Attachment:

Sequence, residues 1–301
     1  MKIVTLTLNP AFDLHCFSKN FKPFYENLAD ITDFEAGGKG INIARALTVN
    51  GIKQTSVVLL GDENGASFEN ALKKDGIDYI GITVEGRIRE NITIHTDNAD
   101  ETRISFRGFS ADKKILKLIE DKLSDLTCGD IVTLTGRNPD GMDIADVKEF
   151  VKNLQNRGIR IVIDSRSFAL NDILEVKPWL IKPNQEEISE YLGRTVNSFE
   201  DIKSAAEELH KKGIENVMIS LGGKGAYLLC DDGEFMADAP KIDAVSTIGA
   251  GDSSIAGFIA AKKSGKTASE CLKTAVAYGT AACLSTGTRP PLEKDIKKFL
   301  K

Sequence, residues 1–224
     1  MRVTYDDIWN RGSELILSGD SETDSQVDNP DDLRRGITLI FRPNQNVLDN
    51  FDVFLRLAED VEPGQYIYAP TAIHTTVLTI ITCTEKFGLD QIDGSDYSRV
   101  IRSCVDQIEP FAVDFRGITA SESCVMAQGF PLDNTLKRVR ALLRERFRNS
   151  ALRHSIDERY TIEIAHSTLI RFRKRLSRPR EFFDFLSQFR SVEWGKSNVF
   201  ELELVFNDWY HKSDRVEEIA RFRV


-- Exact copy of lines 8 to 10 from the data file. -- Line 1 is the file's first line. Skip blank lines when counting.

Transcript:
   301  K

Sequence, residues 1–224
     1  MRVTYDDIWN RGSELILSGD SETDSQVDNP DDLRRGITLI FRPNQNVLDN